Social media users in China are divided over the merits of toilet training after a video was posted online showing an elderly couple pulling out a potty on a Beijing bus so their granddaughter could defecate.

The video, which was uploaded to microblogging platform Weibo, showed a woman passenger and the couple quarrelling on the bus over whether the behaviour was acceptable.

The woman later took to Weibo to give her version of the incident, which happened on Wednesday, and began when the grandparents produced a potty and a plastic bag because the little girl needed to relieve herself.

The woman wrote that she had told the couple to take the girl off the bus and find a nearby toilet. But her words fell on deaf ears.

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“At first I said to myself to let it go since she was a little kid after all. But later I had to complain as there was a smell. The old couple began to curse me and criticised me for not showing sympathy for a kid,” she said.

An employee from Beijing Bus Hotline, a service platform run by the Beijing Public Transportation Group, told online news portal BTime.com that normally drivers would suggest passengers leave the bus to find a restroom.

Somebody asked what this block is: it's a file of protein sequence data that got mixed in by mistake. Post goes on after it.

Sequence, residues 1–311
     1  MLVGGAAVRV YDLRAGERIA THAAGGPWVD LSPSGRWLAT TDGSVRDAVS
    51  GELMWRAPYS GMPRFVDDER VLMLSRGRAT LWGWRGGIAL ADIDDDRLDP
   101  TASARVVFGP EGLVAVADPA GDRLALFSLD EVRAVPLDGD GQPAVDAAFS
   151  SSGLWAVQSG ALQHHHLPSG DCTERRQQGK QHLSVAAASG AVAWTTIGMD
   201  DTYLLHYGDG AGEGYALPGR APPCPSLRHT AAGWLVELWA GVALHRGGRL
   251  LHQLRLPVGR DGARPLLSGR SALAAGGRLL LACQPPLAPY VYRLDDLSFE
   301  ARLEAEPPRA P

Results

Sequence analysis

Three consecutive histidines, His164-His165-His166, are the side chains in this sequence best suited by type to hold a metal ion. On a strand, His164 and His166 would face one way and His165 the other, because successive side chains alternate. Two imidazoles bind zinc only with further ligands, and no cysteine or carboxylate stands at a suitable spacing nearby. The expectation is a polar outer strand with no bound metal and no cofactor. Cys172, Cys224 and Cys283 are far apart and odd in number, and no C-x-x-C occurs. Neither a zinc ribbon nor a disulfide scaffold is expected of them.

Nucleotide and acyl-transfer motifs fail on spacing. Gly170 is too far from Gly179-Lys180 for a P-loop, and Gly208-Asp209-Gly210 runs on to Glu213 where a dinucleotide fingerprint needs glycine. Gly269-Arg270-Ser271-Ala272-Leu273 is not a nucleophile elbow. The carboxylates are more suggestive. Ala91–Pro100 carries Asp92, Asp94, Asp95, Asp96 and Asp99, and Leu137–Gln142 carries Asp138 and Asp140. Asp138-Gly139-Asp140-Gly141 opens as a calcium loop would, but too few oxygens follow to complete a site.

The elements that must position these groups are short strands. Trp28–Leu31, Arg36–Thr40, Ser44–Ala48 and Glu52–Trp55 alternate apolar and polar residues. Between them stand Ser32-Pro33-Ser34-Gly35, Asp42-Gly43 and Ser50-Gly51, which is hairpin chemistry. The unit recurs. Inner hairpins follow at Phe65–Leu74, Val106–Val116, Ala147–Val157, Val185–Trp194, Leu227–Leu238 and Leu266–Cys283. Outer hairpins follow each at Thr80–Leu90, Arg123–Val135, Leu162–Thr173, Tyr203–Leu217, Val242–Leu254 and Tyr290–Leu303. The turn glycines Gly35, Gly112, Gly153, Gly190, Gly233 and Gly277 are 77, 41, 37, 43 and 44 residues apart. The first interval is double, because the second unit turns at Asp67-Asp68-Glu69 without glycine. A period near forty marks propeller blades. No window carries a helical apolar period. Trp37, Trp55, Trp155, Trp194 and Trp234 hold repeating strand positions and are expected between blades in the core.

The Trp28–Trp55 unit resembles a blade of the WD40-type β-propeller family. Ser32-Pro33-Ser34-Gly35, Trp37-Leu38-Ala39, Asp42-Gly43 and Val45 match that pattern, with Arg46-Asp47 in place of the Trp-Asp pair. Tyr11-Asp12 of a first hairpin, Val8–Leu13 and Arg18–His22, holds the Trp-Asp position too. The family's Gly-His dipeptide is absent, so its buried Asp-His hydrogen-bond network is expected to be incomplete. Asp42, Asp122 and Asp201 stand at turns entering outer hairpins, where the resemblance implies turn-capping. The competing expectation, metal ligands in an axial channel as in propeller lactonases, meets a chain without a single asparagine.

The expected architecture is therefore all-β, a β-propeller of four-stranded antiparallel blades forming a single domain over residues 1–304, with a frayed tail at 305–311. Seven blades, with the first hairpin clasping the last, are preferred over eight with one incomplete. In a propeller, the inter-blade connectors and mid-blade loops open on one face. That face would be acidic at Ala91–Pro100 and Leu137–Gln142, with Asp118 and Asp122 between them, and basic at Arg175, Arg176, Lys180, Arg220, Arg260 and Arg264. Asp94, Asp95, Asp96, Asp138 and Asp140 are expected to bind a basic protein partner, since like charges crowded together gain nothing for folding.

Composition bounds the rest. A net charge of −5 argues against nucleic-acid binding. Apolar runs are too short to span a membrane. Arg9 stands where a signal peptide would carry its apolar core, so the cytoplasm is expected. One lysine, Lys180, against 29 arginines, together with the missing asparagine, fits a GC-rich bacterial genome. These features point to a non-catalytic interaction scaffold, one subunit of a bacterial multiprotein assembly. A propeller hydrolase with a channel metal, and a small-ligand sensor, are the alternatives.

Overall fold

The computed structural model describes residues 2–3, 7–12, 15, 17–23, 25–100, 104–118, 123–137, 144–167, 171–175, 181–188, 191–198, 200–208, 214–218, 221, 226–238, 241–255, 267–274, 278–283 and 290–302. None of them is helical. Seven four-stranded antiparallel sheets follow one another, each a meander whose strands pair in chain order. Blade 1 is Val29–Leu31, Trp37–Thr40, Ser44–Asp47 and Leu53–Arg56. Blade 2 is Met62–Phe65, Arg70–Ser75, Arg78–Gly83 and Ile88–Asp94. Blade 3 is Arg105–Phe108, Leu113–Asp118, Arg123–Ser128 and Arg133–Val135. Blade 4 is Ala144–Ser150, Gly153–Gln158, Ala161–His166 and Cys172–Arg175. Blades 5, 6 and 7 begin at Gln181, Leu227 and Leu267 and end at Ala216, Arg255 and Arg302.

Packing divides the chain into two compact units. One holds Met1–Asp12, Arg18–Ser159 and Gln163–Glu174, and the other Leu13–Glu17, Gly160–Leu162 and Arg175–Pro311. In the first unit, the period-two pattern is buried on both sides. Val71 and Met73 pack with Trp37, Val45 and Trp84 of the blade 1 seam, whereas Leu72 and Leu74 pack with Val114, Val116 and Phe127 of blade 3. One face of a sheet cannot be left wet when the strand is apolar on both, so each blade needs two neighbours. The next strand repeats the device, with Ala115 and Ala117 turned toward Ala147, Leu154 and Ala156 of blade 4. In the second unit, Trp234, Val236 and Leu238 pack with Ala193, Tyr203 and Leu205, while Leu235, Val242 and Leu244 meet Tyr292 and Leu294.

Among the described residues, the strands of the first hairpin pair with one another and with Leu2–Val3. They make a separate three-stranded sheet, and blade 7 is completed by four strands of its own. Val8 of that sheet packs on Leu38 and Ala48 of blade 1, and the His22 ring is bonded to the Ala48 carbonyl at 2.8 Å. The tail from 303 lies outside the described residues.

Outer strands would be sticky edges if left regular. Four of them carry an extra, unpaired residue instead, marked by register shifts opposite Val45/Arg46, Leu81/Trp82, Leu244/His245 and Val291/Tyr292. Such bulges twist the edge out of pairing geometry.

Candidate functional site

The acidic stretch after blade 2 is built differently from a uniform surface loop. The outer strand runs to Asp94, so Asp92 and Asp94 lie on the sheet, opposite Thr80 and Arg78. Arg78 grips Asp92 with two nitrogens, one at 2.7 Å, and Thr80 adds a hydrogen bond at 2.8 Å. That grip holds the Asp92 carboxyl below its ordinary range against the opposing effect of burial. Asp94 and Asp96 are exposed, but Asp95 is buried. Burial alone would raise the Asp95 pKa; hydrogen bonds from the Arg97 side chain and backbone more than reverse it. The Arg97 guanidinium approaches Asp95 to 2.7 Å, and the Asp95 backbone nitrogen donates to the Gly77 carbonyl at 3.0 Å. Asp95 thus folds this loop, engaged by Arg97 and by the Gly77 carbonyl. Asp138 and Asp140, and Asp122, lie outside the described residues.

“But if the passenger says he can’t hold it, we will let him use plastics [on the bus]. Anyone will encounter a moment that he wants to use the toilet urgently. We can’t push the passengers out of the bus by force. It’s not humane,” the male employee said.

China’s online community was divided.

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“A person’s good habits are formed from childhood. Although a kid does not have this awareness, adults should have it – it is not civilised behaviour to pee or poo in public venues,” one commenter wrote on news website Sohu.com. “I definitely would not let my kid do that on buses, subways or public lawns.”

A Weibo user disagreed, saying, “I think all people who have raised a kid can understand this old couple.”

“The old people already used a small toilet and a plastic bag, meaning they were trying to reduce the trouble brought to others. What else do you require them to do?” another commenter said. “It’s hard for you to stay on the bus [due to the smell], but I think you’d better understand them.”

There have been several instances in recent years of Chinese tourists sparking anger at home and abroad for letting their children relieve themselves in public.

In February, a woman was photographed letting her infant son urinate on the floor of the Forbidden City in Beijing. And, in 2013, two Chinese tourists were arrested for urinating in Sydney’s botanical gardens.

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